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Publisher Pulls Supports; 'Research Works Act' Killed

Unknown Lamer posted more than 2 years ago | from the those-bits-aren't-free dept.

United States 72

crabel writes "It appears the dreaded Research Works Act is dead. The bill would have prevented agencies of the federal government from requiring public access to federally subsidized research. After Elsevier pulled its support, it was decided that no legislative action will be taken on the bill." A glimmer of hope as well: "Meanwhile, attention has shifted to another proposed bill: the reintroduced Federal Research Public Access Act, which would require public access." Elsevier has vowed to battle it, however.

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what a dick (-1, Offtopic)

ClintJCL (264898) | more than 2 years ago | (#39180243)

what a dick

What are you waiting for if you're an US citizen (5, Informative)

Anonymous Coward | more than 2 years ago | (#39180277)

Sign the petition(s) to the Congress
http://www.congressweb.com/cweb2/index.cfm/siteid/sparc

and to the white house
https://wwws.whitehouse.gov/petitions/!/petition/strengthen-public-access-publicly-funded-research-and-support-federal-research-public-access-act/jF4mxRc4

Unless you like being locked out behind a paywall from research paid with your tax dollars.

Re:What are you waiting for if you're an US citize (1)

interval1066 (668936) | more than 2 years ago | (#39180471)

Done.

Re:What are you waiting for if you're an US citize (3, Informative)

jank1887 (815982) | more than 2 years ago | (#39181249)

Re:What are you waiting for if you're an US citize (0)

Anonymous Coward | more than 2 years ago | (#39185237)

Yes, we are. Almost didn't bother cutting and pasting until I saw your links. :)

Re:What are you waiting for if you're an US citize (1)

DeafScribe (639721) | more than 2 years ago | (#39182553)

Done. Spread this around.

Re:What are you waiting for if you're an US citize (0)

Anonymous Coward | more than 2 years ago | (#39183441)

The biggest supporters of this will probably be fourth years undergraduate or graduate students in any institution not rich enough to pay for the big deals.Also retired researchers that don't have institutional access anymore.There are probably far more than 25000 such persons in the US. Enough for the white house petition.

Re:What are you waiting for if you're an US citize (1)

3seas (184403) | more than 2 years ago | (#39185145)

Here is a better direction, How about the tax payers telling government where to spend the tax dollars they insist we pay them. The system is already there with government revenue collections that they can direct each tax payers funding according to what each tax payers wants their taxes to be spend on.

In other words, know any tax payers who'd not want access to what they pay for?

Thank you US citizens (0)

Anonymous Coward | more than 2 years ago | (#39185841)

The white house petition went up from 86/87 at the time of the posting to 161. It has reached the first milestone and is now publicly visible on the whitehouse website,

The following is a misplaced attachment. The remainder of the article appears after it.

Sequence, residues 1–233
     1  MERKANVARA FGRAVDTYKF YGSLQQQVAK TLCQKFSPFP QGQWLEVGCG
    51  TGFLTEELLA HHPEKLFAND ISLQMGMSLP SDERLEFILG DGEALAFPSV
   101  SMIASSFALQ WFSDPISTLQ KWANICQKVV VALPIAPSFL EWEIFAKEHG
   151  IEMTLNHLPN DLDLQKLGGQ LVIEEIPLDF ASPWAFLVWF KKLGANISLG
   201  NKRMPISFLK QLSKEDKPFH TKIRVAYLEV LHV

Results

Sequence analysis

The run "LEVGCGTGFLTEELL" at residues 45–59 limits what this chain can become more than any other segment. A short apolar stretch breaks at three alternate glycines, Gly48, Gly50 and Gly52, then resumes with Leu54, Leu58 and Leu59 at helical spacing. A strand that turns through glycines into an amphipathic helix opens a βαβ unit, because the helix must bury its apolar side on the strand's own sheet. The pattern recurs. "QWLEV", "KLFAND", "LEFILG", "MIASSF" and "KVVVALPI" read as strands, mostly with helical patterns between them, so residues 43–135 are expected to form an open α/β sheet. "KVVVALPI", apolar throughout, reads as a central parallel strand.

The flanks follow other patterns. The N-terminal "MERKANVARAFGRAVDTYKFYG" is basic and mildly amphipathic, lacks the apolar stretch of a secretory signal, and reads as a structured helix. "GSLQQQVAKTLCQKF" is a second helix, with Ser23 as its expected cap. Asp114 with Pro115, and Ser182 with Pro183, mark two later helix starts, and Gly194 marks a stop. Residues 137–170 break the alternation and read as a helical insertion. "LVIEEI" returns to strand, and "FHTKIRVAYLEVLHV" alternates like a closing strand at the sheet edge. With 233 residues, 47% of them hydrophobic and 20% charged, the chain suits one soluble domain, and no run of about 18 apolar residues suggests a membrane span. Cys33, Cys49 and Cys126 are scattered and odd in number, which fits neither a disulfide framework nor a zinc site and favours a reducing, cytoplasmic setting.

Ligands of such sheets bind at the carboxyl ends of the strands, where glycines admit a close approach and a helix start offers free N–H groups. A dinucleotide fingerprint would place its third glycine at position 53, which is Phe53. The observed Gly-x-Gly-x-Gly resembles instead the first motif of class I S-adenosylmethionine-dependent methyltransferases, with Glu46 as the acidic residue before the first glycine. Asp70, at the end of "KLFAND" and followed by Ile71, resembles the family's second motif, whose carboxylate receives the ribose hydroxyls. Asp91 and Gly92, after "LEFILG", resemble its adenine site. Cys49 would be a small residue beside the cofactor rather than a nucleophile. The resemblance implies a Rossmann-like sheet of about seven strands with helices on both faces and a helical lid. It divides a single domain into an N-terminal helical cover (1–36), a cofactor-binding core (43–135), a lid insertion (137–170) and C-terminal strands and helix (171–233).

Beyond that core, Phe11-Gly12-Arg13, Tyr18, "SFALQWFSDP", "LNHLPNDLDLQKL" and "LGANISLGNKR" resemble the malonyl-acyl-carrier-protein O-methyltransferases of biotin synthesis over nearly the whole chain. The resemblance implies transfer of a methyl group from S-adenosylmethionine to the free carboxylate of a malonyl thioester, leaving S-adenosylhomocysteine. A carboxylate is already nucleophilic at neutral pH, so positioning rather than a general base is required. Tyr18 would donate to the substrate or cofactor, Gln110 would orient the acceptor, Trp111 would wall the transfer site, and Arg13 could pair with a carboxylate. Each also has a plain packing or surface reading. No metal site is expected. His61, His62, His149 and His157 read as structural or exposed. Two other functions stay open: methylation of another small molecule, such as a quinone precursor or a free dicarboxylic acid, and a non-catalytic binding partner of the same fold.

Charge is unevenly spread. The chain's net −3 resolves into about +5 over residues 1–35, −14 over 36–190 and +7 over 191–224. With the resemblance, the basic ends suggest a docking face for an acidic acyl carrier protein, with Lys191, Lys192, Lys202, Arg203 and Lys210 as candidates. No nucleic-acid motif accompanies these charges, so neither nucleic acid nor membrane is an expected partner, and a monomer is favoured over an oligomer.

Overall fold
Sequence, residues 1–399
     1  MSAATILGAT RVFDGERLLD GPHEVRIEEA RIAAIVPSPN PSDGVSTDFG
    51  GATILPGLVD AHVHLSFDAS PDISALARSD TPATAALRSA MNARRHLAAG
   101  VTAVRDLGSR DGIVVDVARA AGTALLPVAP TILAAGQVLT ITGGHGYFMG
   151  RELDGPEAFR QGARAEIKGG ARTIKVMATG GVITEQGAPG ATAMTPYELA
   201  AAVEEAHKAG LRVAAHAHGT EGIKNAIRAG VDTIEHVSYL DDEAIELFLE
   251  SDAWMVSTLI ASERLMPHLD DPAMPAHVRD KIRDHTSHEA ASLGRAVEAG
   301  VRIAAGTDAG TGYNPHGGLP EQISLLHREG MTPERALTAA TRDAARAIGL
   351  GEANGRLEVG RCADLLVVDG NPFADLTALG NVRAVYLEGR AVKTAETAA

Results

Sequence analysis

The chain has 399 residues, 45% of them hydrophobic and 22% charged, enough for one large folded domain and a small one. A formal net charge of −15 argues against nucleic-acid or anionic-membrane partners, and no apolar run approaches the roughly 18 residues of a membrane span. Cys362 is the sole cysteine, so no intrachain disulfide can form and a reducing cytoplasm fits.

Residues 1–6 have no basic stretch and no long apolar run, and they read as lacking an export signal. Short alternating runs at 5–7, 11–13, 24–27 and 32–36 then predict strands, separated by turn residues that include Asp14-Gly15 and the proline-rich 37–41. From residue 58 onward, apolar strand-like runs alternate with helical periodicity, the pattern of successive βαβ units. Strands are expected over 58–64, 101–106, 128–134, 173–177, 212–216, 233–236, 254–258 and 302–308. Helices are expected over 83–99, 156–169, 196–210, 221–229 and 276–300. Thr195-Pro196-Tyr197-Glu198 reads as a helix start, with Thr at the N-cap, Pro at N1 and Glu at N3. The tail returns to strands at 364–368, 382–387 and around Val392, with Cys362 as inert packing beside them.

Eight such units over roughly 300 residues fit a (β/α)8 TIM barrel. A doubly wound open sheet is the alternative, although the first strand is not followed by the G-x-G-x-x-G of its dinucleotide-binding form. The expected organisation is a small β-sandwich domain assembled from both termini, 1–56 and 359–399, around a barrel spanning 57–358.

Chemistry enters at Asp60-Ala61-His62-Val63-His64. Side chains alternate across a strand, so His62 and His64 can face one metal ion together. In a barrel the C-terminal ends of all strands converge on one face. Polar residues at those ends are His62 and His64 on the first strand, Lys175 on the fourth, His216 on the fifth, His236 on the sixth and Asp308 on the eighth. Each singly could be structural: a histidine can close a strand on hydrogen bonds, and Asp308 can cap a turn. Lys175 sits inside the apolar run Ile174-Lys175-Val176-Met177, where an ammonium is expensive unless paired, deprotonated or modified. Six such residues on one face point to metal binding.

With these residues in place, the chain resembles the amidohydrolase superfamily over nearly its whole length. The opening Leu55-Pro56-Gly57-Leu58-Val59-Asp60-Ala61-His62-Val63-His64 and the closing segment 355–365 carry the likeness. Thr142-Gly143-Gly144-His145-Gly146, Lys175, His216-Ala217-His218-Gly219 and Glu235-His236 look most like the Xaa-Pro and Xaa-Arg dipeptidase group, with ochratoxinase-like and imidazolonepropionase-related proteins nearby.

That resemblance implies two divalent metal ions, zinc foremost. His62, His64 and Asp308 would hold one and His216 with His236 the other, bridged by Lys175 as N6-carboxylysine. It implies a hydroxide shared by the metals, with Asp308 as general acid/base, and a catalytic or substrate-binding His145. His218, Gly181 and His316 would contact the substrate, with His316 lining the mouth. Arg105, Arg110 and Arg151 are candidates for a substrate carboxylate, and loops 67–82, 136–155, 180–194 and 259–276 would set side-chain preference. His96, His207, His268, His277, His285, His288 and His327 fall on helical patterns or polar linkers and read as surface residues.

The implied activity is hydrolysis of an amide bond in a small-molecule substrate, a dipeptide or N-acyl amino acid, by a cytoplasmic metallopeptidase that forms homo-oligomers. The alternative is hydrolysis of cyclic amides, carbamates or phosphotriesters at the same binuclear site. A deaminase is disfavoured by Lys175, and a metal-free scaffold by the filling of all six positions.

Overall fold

see WhiteHouse petitions [whitehouse.gov] . Only 10 days left to reach 25 000. Between grad students, retired researchers and patient groups that want access to medical research, it should have been easy had the petition been advertised. It's time taxpayers around the world unite to put an end to paywalls protecting taxpayer funded research. It's time the academic publishing multinationals stop seeing taxpayers as walking wallets. I hope the US shows the world the way by adopting FRPAA. Don't forget it's an election year.

This is the first I am hearing about this (3, Insightful)

ganjadude (952775) | more than 2 years ago | (#39180297)

and it is good to hear it is dead, but on the other hand, the man pulling the strings will most likely be pushing for something else.

weill be a good idea to keep an eye on what this guy/group pushing this is up to

I agree (0)

Anonymous Coward | more than 2 years ago | (#39180415)

What's the deal with the Research Work Act? Is it good or is it whack?

Re:I agree (5, Informative)

Anonymous Coward | more than 2 years ago | (#39180949)

It's whack.

I'll try to explain it simply:
The government finances scientific research, with tax money.
That research is conducted by scientists, then other sicentists review the research for flaws, and finally the research is published in scientific journals. Elsevier is the editor of several such journals.

Elsevier and other publishers do not pay scientists who do research and they do not pay the scientists who review the original research either. They don't pay anybody. They only pay the publication of journals (i.e. printing). And then they sell those journals for a very, very expensive sum of money. I don't have the prices, but it's so expensive that only universities buy these journals (even public libraries can't afford them).
So Elsevier and other publishers like them make a ton of money through the work of others.

Now get this:
The government wanted research that it finances to be available to the public. Your tax money pays for research, therefore you should have access to that research - makes sense, right?